It’s been a wild ride in the nation’s capital of late, with lots of newsworthy events and some rip-snorting behind-the-scenes action.
Here’s my take on some of the more leg-watering news stories, as well as some juicy bits I’ve been able to sniff out over the past few days.
So this is what happens when you move a respected government agency from the nation’s cultured capital and set up camp in a regional hub.
The bosses start peeing over people. Well, one boss, maybe.
The Australian Pesticides and Veterinary Medicines Authority was relocated from Canberra to Armidale, NSW, in 2019 at the insistence of Barnaby Joyce.
He instigated the move when he was deputy PM (no doubt seeking to shore up his reelection chances).
The controversial move, which was actually completed after Barnaby was dumped as Nationals leader – and before his triumphant return, which was before his subsequent dumping again – didn’t all go to plan.
Nevertheless, Armidale is where HQ is today.
Appearing before senate estimates this week, APVMA chief executive officer Lisa Croft was asked by Greens senator Peter Whish-Wilson if she was aware of an incident in which a senior executive urinated over other staff at a Christmas party.
The CEO looked a wee bit hurt when asked about it. Her moment of estimates fame had arrived.
She had been informed of an incident that took place at a private function, she answered, not at a work Christmas do.
With continued grilling from the senator and long periods of silence from the CEO, it was revealed that a senior executive was alleged to have discharged his bladder over others at a private party and that some of those people reported the incident to the CEO. HR became involved and the manager subsequently resigned. We could say he “relieved himself” of his duties.
“I understand that the people directly involved wanted me to be aware of the matter,” Ms Croft told the hearing, adding, “there was no official complaint made.”
I say there’s no way this would have happened in Canberra! Let’s blame Barnaby!
(Yes, I am having a bit of a piss-take right now.)
Bad to the bone
Anyone familiar with hard-hitting US boogie-blues rocker George Thorogood (and I know it will only be those of you over a certain age) will know he was recently in Canberra and put on a great show.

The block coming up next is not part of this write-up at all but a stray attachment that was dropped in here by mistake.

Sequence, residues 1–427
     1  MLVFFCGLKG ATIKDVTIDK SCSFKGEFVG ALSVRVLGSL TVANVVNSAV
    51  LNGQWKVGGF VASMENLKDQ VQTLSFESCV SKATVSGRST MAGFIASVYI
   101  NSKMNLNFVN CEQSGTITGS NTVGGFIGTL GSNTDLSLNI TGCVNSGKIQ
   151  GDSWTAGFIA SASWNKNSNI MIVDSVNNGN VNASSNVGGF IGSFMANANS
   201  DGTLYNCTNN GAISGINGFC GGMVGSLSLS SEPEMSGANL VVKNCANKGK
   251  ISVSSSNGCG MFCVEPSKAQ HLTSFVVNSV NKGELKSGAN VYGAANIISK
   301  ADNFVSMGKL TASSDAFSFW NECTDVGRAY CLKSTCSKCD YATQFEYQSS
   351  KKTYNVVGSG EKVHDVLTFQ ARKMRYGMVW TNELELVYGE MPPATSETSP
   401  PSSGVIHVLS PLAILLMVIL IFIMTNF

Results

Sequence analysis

What I spied towards the end of the concert, however, was a bunch of quite senior public servants and media types being thrown out of the gig for – wait for it – dancing in the aisles.
I won’t name who those rabble-rousers are because they looked like they were just having a great time and causing no harm to anyone.
Maybe they had each had more than one bourbon, one scotch, one beer (google it), but this puppy saw no signs of inebriation.
The over-enthusiastic ushers at Canberra Theatre seemed to let some concertgoers dance while demanding others sit down. They got more insistent when the ones they sat down got back up again and ignored the orders.
They should know you can’t tell a senior public servant what to do (unless you’re the minister).
Bailed up by Bailey
British comedian, actor, musician and all-around genius Bill Bailey did his own string of concert appearances this week in the nation’s capital.
Genius is an understatement. The brilliance of the man astounded everyone in attendance.
Except for one front-row audience member at the Monday night gig, who called out to pull Bailey up on a comic point he was making.
The comedian was describing how he was once offered a show in the US and told that he would have ten million eyes on him.
Bailey asked the show’s producer what ten million eyes actually meant.
“Is that five million people watching me or ten million pirates?”
Laughter all ’round, until the wag in the front loudly interrupted the show to point out that pirates were people too.
“Oh, we have the president of the Pedantic Society here tonight, do we?” Bailey good-naturedly asked.
“You must be a public servant.”
Lucky guess (probably).
Open door policy
Finally! Finally! The good people who have been locked out of 50 Marcus Clarke Street for three months are being allowed back in the office.
A sprinkler system malfunction and the complete collapse of the air conditioning unit on level one flooded the floor and caused unimaginable damage.
But while repairs had been completed, no one in authority was willing to give it the all clear.
So all staff in the Department of Education and the Department of Employment and Workplace Relations have been locked out since early August.
But from next week they will be allowed to reacquaint themselves with the desks they have missed so much.
This hound has it on good authority that it has only been my dogged pursuit of the matter and my insistence on highlighting the slow progress each week that has got the building reopened at all.
Talking about shutting staff out …
The Health Department building in Woden had what security staff described to occupants as a “soft lockdown” on Thursday last week due to an “internal security” issue.
It didn’t last more than a few hours, but I’m on the case.